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We have had three nice rally days, and call volume instead of put volume is dominant, but this is still a bear market rally, in our view. If you are buying specific stocks for specific long-term reasons, that is one thing, but if you are buying indexes it may be best to wait for more of a confirming price movement.

To be clear, we think there are stocks worth accumulating at this time, but we don't think the same can be said about the broad indexes.

What might a confirming price move be? There is no magic or absolutely correct answer, but there are some reasonable answers. Consider these three as possibilities as you determine your own best re-entry level:

  • for aggressive risk, wait for the price to retrace more than 1/2 of the distance between the recent peak and recent trough
  • for moderate risk, wait for the price to be above both the 1/2 retracement level and the 200-day average
  • for low risk, wait for the price to exceed the 1/2 retracement, the 200-day average and the recent peak.

The obvious argument against this approach is that it leaves money on the table if the prices keep going up. That is the cost of getting some amount of directional and momentum assurance that the rally is not a head fake in a down move.

In view of the bear market conditions, some might consider even the "low risk" test to be too risky. China and the Euro Zone are in important bear markets, and the United States is at least on the cusp of a bear market, if not in one (we think it's a bear).

If we were in correction within an up trend, the three re-entry levels would be far more reassuring than if we were in a bear market.

Except for purchasing selected high quality, undervalued, dividend income stocks in a bear market, we prefer to own broad index funds when the slope of the 200-day average is pointing up, and the price is above the average.

Let's look at the United States, the Euro Zone and China in terms of the three re-entry levels we listed here.

The gold line is the 200-day average. The blue lines are the retracement lines between the peak and trough. The red line is the bear market indicator (plotted 20% below the trailing 1-year high. Click charts to enlarge.

United States (NYSEARCA:SPY)


SPY is at about the 30% retracement level, well below the 200-day average, which is sloped slightly downward. It went below the bear market indicator on an intra-day basis 3 days ago.

Eurozone (NYSEARCA:EZU)


EZU is at around the 20% retracement level, well below the 200-day average, which is clearly sloped downward, and has been below the bear market indicator since early August.

China (NYSEARCA:FXI)


FXI is at a price below the 20% retracement level, well below the 200-day average, which is clearly sloped downward, and has been below the bear market indicator since early August.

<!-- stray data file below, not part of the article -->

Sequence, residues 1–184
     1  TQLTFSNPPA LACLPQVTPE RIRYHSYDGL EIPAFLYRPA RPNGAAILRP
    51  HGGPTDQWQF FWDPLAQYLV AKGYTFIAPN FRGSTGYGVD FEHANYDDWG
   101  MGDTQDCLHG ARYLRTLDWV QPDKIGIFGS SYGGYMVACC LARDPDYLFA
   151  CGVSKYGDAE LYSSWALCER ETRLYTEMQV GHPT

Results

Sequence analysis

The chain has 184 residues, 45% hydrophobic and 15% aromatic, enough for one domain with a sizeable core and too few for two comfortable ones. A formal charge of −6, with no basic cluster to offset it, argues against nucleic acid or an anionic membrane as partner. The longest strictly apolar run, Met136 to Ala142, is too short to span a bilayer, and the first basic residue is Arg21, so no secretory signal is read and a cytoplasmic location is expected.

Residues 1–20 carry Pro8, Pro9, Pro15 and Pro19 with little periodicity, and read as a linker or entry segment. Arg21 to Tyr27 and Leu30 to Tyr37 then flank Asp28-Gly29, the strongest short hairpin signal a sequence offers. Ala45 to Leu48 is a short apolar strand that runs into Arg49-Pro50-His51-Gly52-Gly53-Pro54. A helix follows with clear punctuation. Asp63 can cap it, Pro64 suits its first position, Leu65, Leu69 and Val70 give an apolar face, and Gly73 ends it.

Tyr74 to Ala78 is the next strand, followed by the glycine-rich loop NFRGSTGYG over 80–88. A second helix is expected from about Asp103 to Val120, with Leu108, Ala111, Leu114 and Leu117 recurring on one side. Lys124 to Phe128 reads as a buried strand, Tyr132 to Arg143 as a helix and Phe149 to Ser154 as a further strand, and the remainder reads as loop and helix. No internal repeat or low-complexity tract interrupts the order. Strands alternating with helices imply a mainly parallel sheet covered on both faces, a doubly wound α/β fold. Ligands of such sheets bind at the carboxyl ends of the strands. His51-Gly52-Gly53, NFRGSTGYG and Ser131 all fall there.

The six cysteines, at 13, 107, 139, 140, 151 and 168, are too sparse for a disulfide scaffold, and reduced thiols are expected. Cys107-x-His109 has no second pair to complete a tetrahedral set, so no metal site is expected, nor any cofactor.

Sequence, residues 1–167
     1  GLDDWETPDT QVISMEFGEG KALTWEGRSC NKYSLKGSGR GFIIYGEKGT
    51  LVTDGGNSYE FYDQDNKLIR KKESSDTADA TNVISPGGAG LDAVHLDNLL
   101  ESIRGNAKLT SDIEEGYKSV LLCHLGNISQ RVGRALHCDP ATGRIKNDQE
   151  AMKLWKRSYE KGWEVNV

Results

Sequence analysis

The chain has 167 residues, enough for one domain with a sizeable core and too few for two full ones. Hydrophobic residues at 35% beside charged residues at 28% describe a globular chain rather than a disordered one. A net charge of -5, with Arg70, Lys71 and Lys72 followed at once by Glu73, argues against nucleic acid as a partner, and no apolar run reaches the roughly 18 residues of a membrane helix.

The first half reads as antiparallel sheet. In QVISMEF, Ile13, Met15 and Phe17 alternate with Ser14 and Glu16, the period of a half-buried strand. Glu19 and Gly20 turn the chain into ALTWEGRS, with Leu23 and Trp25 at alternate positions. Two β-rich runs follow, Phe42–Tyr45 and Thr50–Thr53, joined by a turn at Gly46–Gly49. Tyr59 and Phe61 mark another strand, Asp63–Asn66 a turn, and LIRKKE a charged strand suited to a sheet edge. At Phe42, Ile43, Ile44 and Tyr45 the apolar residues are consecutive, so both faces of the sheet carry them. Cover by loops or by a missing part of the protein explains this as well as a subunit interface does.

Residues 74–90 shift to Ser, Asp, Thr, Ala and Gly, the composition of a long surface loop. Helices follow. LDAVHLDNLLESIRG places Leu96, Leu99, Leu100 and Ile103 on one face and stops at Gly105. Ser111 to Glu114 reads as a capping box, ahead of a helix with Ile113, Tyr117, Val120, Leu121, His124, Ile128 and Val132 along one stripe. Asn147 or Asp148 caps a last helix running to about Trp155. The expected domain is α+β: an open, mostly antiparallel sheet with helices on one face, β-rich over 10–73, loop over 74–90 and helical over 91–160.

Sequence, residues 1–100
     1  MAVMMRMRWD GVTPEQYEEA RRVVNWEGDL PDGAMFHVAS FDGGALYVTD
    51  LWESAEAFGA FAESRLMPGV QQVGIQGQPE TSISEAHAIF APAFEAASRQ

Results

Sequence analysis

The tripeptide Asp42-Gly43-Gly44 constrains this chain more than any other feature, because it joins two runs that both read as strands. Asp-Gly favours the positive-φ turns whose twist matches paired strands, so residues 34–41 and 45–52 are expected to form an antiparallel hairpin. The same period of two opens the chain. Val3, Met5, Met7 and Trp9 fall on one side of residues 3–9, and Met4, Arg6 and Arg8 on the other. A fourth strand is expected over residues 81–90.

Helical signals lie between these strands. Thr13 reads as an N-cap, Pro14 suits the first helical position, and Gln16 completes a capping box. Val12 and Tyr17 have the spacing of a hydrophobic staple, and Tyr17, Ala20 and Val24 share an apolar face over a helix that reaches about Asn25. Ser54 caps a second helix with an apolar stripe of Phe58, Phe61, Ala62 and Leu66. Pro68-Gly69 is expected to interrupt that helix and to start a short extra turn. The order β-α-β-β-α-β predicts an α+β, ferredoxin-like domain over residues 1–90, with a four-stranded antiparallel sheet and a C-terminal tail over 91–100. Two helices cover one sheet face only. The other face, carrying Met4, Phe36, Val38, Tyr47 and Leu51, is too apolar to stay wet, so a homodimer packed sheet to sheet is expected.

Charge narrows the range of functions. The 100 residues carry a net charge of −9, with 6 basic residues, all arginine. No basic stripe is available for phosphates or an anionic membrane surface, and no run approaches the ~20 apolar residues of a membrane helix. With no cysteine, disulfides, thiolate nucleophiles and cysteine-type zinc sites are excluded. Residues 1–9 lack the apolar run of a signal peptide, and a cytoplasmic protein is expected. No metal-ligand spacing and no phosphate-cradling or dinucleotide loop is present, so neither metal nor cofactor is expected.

Long-Term View of United States Stocks (S&P 500 Index):

It appears to us from this chart that the S&P 500 is in a bear market, that the current conditions reasonably match the price patterns in the downturns in 2000 and 2008, and that no intervening period had the same set of conditions:

  1. price < 200-day average
  2. 200-day average is sloping downward
  3. price pierced the 20% bear market indicator

In the current case, we also have a lower high in the April high versus the 2007 high.

The current price pattern resembles the 2007-2008 period more than the 2000 period.

Overall, we think the mood switch from pessimism to optimism over the past few days is overdone, or at least not proved to be sustainable.

Europe has not solved their problems, they are just making positive statements about something they might do. The United States is still mired in political deadlock with a slow growing economy and a high unemployment rate. China is still coping with inflation, shaky property markets, and concerns about bank capital adequacy.

Things might get better soon, but they aren't better yet. Stock markets anticipate, but are they early to the party in this case?

Whatever you may buy in this time period, we think manual stops make more sense than automatic stops, given the high frequency computer trading and huge daily price swings typifying markets these days.

We think safety should be a top of mind concept in these markets.

Disclosure: StopAlerts.com is a service of QVM Group LLC, a registered investment advisor. As of the creation date of this article (October 6, 2011), QVM has a short position in SPY and has written near-term, far-out-of-the-money PUTS on SPY; and has no positions in any other mentioned security.

Disclaimer: This article provides opinions and information, but does not contain recommendations or personal investment advice to any specific person for any particular purpose. Do your own research or obtain suitable personal advice. You are responsible for your own investment decisions. This article is presented subject to our full disclaimer found on the QVM site available here.

Source: Hold Your Enthusiasm ... This Is Still A Bear Market Rally